On January 27, the 75th anniversary of the Holocaust, survivor Melania Hoffman, 90, spoke at the Livingston Historical Society meeting in honor of International Holocaust Remembrance Day. In America 71 years, Hoffman spoke of her childhood in war-torn Poland for the first time.
Hoffman compellingly recounted the merciless killings that she witnessed. While many of the gory details remain trapped in her memory, she was able to share some of the important firsthand facts with the audience.
What made this presentation unique was that Hoffman walked to the podium wearing a noticeable cross necklace. Who was this survivor? Hoffman spoke for over an hour to 40 attentive listeners gathered to hear her testimony. The nonagenarian declared that what helped save her father, and allowed him to save their family, was talking with Jews. While her family was not Jewish, Hoffman revealed that her father learned their language from their Jewish neighbors, which contributed to their survival.
Several of Hoffman’s family members were in the audience, including her younger sister whom her heroic father saved multiple times during the war. The most incredulous instance was when the family was in a selection line. Their father reached behind the soldier, pulling his younger daughter back to him when he and his wife, along with Hoffman, were sent “left,” and the other child “right.”
Hoffman, at the tender age of 9 when the first bombs of World War II hit, described Warsaw as “beautiful.” That was until September 1, 1939, at 8 a.m., when the attacks started, and the first bomb fell two houses from theirs, killing her friend. All that was left were piles of stone with fire escaping. That was Hoffman’s first experience with the ravages to come.
Cautioned not to stay too close to the area, Hoffman’s family moved to her uncle’s house in downtown Warsaw, near a big marketplace. However, they couldn’t stay there long, as the planes hovered above, shooting people in the market.
From there they moved to the basement of her mother’s Jewish childhood friend. When they returned to their own house, they found it almost demolished. Only piles of ruins remained. That, Hoffman mournfully announced, was how their occupation started.
What the young children saw was awful, Hoffman commented, recalling that she saw a Jewish chasidic man shot. Hoffman said that when she was in school, she saw a 7-year-old girl running on the street when the Germans shot her.
While her father was only allowed to use Russian in school during World War I, now they were forced to learn German. Someone posing as a teacher gave them a date by which to bring their German books to school. He came to Hoffman asking, “Where is your German book?” The next thing she knew, he slapped her in the face. Hoffman admonished the German custom of hitting children in the face, even their own. Her teacher cautioned the students to be careful, insisting the man was not a Polish teacher, indicating he was sent by the Germans.
Hoffman spoke of witnessing five executions, of 10 people each, who were pulled off the street and arbitrarily killed. When they were finished, the Germans used a garden hose to wash off the streets and then the traffic went on. Hoffman insisted disgustedly that it was the German’s entertainment. Then they put up a red paper on the walls with the names of the victims.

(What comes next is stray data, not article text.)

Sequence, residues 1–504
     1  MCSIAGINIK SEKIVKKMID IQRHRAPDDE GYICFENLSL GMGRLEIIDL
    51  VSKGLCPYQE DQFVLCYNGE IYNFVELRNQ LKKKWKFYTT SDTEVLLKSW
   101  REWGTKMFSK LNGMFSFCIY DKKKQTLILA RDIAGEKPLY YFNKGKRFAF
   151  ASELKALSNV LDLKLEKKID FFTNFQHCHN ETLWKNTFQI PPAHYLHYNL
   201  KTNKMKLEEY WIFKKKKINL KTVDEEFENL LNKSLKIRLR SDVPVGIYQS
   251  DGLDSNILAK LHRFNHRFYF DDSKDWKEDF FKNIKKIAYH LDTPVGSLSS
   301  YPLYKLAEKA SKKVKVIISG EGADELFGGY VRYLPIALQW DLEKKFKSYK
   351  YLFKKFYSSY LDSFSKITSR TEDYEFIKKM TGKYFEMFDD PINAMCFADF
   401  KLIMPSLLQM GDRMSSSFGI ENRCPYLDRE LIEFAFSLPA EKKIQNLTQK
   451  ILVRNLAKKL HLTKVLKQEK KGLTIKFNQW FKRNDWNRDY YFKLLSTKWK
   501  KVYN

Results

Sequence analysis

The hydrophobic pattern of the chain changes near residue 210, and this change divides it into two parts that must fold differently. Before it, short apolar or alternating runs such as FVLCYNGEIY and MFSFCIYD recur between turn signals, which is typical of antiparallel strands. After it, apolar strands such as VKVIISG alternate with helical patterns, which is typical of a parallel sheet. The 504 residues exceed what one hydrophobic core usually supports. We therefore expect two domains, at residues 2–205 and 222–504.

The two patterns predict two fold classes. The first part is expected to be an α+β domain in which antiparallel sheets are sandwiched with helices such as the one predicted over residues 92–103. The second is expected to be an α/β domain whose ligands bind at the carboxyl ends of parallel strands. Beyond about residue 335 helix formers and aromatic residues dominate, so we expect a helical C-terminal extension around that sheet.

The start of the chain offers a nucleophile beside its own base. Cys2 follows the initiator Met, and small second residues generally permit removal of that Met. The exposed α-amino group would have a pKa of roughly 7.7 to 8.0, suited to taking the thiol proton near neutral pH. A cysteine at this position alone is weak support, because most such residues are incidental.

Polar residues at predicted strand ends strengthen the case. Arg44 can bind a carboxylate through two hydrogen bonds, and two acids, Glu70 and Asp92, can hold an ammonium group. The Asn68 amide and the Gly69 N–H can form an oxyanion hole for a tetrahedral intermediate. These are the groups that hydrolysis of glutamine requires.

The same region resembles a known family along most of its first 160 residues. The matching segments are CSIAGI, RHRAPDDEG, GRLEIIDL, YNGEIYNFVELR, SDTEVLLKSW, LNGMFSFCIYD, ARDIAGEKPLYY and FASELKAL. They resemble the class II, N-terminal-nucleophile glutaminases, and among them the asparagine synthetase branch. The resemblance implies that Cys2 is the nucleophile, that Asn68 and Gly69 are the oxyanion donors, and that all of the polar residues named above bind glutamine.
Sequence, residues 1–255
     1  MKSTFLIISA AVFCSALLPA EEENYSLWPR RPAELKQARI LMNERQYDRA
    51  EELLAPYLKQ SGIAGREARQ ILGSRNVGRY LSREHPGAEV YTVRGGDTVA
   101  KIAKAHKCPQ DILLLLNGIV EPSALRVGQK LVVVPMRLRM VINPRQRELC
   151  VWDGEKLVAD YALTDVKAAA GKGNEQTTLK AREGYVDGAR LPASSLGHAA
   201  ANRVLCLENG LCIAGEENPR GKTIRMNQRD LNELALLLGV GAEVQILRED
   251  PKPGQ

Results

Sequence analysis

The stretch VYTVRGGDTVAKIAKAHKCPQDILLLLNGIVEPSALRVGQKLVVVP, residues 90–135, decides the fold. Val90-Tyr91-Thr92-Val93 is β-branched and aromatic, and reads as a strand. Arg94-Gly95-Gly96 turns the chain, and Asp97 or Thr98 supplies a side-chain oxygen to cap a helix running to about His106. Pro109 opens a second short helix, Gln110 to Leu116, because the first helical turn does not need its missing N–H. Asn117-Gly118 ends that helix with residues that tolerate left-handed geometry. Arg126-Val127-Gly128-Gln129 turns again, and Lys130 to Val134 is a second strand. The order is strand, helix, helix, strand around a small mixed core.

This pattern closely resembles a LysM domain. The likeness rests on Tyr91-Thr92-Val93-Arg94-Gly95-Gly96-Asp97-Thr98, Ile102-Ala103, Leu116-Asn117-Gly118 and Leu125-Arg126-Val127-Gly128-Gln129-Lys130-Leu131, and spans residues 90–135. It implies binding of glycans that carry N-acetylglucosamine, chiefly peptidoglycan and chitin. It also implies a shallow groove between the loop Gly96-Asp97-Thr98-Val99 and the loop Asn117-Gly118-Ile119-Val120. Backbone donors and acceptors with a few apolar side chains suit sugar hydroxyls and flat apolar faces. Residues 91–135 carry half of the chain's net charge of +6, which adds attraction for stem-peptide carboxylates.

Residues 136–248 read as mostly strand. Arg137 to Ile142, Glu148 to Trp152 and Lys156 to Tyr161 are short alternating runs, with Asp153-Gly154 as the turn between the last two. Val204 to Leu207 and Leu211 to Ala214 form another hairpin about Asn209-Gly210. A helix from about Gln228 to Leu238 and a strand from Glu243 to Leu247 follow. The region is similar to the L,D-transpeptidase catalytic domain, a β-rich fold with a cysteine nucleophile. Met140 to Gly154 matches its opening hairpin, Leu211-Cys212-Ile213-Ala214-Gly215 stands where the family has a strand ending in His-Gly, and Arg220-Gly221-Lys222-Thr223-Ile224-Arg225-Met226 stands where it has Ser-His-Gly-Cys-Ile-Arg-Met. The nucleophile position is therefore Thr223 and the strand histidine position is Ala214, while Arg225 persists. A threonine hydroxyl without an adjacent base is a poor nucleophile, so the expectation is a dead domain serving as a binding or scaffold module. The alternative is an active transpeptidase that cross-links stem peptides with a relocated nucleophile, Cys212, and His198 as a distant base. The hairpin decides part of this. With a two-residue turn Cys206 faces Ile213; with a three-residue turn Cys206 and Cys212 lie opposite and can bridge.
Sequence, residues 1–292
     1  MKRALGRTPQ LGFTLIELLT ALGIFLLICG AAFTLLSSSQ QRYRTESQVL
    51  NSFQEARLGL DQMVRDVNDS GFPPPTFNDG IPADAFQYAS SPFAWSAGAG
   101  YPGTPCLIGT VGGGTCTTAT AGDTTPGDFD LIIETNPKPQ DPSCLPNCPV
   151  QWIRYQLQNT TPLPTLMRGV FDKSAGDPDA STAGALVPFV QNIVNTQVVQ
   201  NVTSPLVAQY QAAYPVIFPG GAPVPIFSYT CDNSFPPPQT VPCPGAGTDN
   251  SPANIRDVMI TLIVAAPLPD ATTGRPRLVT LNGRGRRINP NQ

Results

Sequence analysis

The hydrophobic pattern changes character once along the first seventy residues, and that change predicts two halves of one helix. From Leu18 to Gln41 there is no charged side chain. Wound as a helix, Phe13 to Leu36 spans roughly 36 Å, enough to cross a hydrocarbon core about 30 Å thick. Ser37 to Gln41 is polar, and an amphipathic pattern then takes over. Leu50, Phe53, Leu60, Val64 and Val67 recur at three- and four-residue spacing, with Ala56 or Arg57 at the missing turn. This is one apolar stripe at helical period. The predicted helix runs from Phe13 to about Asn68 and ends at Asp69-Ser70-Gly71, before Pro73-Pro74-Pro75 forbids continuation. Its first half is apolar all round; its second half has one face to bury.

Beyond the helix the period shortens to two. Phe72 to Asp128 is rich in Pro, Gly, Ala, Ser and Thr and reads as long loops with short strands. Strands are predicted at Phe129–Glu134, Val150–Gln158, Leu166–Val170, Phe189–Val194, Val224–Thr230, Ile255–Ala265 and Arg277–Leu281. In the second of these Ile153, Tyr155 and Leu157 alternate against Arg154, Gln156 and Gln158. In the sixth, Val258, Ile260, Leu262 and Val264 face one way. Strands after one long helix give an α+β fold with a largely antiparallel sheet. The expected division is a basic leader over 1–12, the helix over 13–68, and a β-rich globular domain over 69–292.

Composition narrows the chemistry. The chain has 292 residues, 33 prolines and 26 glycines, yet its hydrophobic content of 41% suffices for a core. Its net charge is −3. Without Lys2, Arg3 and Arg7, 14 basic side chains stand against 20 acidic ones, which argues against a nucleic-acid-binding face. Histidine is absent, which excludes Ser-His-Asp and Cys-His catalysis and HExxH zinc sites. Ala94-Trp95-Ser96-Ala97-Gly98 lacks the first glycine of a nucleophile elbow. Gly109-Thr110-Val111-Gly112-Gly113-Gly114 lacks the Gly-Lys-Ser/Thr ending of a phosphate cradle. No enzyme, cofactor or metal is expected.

“It was a horrible life,” Hoffman observed. Her father’s mother had 12 children, and the Germans forced her husband to work in a quarry and they never saw him again. Her grandmother’s Jewish neighbor Raisa had seven children and the two widows were very friendly. After the Germans blocked all supplies to Warsaw trying to starve them, her grandmother never saw Raisa and her children again. Hoffman’s widowed grandmother lost eight of her 12 children in a short period of time due to typhus and other illnesses. Only four boys survived and they remained in Warsaw.
On August 1, 1944, Hoffman, by then 13, recalled that the Warsaw Uprising destroyed 100% of Warsaw. The Russians were shooting heavy artillery on Warsaw, claiming that they were helping the Polish people; Hoffman said they could only be called savages.
Hoffman then spoke of the death of her grandmother. Facing machine guns in the courtyard, she refused to come out of her house. Her home was then torched, and at only 62 she was burned alive.
Describing more of the things that nightmares were made of during World War II, she mentioned hiding in the dark woods, the cattle cars with 60 people in one wagon, one loaf of so-called bread, no water, the camps, the lice, the showers, the naked bodies, the shaved heads and more. At one point, they went with no vegetables or meat for eight months. Their menu consisted of bread and water with green leaves of vegetables. Lunch was soup from greens of vegetables, and dinner consisted of one potato boiled in the skin with a pickle. She recalled the Germans yelling “be quiet,” Americans flying overhead in planes like bumblebees and the gate to the camp.
Pinpointing the September 11, 1944, raid as the biggest one, with the earth literally shaking for nearly an hour, she noted 34 other air raids before the war ended. By the time General Patton came to their area, it was a nightmare. Hoffman proclaimed, “God bless General Patton.”
After the war, her family lived in American-run displaced persons’ camps until they came to America in 1949. Albeit with very bad memories, Hoffman concluded, “We made it; it wasn’t easy.”
By Sharon Mark Cohen